The devil is a very busy man lately. He’s been on a tour of China, visiting upstart mobile phone manufacturers with a deal. You give me your soul, and I’ll show you how to make and sell an Android phone for an absurdly low price and still make a profit. There’s almost always a compromise somewhere: a terrible camera, shonky screen, creaky construction.
Thing is though, Satan’s being mugged off. With the arrival of the Huawei Ascend G300 on Vodafone, I’m really struggling to see where the catch is.
While Vodafone’s not new to selling cheap smartphones with a heavy subsidy (Remember the Electricpig phone?), this is the first one bearing Huawei’s brand – Huawei fancies itself as the next HTC. It’s also the first one that’s actually good.
If Huawei does want to be the next HTC, the next white label brand to make a name for itself, it won’t be with design just yet. The Huawei Ascend G300 is pleasant, with a strong frame, curves reminiscent of the HTC Desire S, and a pleasant black on cream motif. It’s not sexy, but it is perfunctory. And it is big.
That 10.5mm thin shell has space enough for a 4-inch screen, the same size as the Samsung Nexus S, and half an inch bigger than the iPhone screen. At 800×480, it’s far from the sharpest display on the block, and it can’t match the low priced Nokia Lumia 710 for colour quality. But it’s sharp enough – sharper than most new Windows Phones, for instance, so you can watch videos or comfortably read a long article.
Are there flaws? Sure. The capacitive keys below the display aren’t the most responsive in the world. You have to give them a bit of a mush sometimes. And some users have found a curious problem with the volume levels in the phone – one we’ve not been able to replicate.
But being able to type and surf the web on a huge screen without any slowdown or struggle? That puts it ahead of the competition already.
Huawei’s sexy Android platform…
There’s no denying that any phone launching now on the now out of date Android 2.3 is doing so with one hand tied behind its back. But Huawei’s done its best to cushion the blow, with a well thought out, slightly tweaked version of Android Gingerbread.
It’s not exactly thrillingly labelled, but the Huawei Android Platform (HAP) keeps most of the default Android features – contact management, browser – and throws in welcome extra features, like connection toggles in the pull down notification tray.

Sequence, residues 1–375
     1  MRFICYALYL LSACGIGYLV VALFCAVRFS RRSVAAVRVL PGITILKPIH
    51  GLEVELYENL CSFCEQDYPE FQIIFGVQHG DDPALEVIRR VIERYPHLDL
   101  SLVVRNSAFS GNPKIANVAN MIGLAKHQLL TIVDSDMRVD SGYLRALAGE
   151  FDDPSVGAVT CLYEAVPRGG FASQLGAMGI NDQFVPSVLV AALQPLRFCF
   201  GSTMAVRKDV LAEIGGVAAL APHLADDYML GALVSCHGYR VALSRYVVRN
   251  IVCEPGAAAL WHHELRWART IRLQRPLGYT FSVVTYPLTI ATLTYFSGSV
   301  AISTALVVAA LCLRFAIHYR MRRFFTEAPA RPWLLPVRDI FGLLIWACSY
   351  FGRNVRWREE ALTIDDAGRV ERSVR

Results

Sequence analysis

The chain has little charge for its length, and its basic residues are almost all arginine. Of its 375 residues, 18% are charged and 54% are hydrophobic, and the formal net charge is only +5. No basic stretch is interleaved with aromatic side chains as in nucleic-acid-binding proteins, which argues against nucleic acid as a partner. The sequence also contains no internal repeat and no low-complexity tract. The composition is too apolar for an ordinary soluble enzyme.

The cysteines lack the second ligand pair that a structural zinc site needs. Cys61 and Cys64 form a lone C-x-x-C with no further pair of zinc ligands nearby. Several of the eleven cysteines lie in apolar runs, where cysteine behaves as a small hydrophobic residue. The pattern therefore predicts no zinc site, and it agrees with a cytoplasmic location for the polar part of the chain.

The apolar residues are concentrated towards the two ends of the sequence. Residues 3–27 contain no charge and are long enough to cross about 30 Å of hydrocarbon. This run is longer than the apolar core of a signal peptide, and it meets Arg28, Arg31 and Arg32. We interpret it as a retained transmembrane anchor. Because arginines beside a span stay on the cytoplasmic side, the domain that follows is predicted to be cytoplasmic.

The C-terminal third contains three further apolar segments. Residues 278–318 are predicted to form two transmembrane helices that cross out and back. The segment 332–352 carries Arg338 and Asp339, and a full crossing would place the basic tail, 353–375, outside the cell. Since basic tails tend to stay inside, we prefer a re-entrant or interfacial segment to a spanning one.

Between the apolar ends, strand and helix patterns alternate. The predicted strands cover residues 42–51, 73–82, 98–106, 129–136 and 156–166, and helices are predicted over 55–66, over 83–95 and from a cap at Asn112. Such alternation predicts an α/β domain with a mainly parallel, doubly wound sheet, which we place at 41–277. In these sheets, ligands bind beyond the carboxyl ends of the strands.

Huawei’s not dear about these either – it’s scrapped quite a few apps included with its Blaze phone released last Autumn (Its social networking SNS widget, for one), and a representative tells me it’ll happily bin more if Google makes them redundant.
There’s one jarring exception to all this: the terrible default Touchpal Input keyboard, with unnecessarily small buttons. As I’ve said before, it’s useful for Chinese users, of which Huawei has many, but it seems odd that at no point did either Huawei or Vodafone think UK users might prefer something else, as most Brits don’t text in Chinese.
Google’s own keyboard springs to mind – and as you can see from the gallery, I installed it immediately – but SwiftKey is another excellent option – just be aware that you can replace it, and you should expect better.
But what’s most remarkable about the Huawei Ascend G300 is what’s going on under the hood. The five megapixel camera, which shoots only standard def video, produces results that are par for the course, but it’s powered by a single core 1GHz chip that destroys the competition at the budget end of the market.
Here’s the thing: this turns in better benchmark scores than the Nexus S, a phone that cost £450 on launch in late 2010, and was the first phone to be updated to Android 4.0. On Quadrant Standard, it repeatedly scored over 2,000, a healthy number not far shy of the first dual-core phones that emerged last year.
That translates to day to day use too. You can play Grand Theft Auto 3 on this bad boy (Yup, it’s supported). Even if Flash is dead, some video services still use it (BBC iPlayer on Android, for instance), and it runs smoothly too.
And still, you get better battery life too: a full day of use with syncing on from a 1500mAh capacity battery.
Android now and future
There’s one more thing which makes this particularly interesting: Android 4.0. I don’t normally like talking about updates in the future – companies all too frequently over-promise and under-deliver (Cough Motorola cough).
But Huawei’s promise of an Ice Cream Sandwich update later on in the summer sounds very plausible. The company has shown it can update phones quickly, and a representative also told me that the update will be made available as a download from its website.
The advantages are two-fold: it won’t be staggered like Samsung’s botched update for the Galaxy S2, and there’s no reason to keep it looking like Gingerbread either, which means we can expect most of the (wonderful) vanilla ICS experience, since only those interested will seek out the update.
Given its impressive benchmark skills, a phone like this running Android 4.0 for £100 would represent astounding value – even more so than it does already – and make the £220 HTC One V look vastly overpriced.
One of the inevitable side effects of working for a gadget news site is that, roughly once every 18 months, my friends actually want to talk to me. One cornered me last week with the standard request: “What phone should I get?” They didn’t want to spend much.
I suggested the Nokia Lumia 710, which has now reached an absurdly low £130.
“Does it have Draw Something?”, they asked.
No, I sighed. Get the Huawei Ascend G300 instead. And that’s what they did. The Huawei Ascend G300 might not be the top phone on anyone’s list, but in this price range, you won’t find anything more polished, with apps to boot.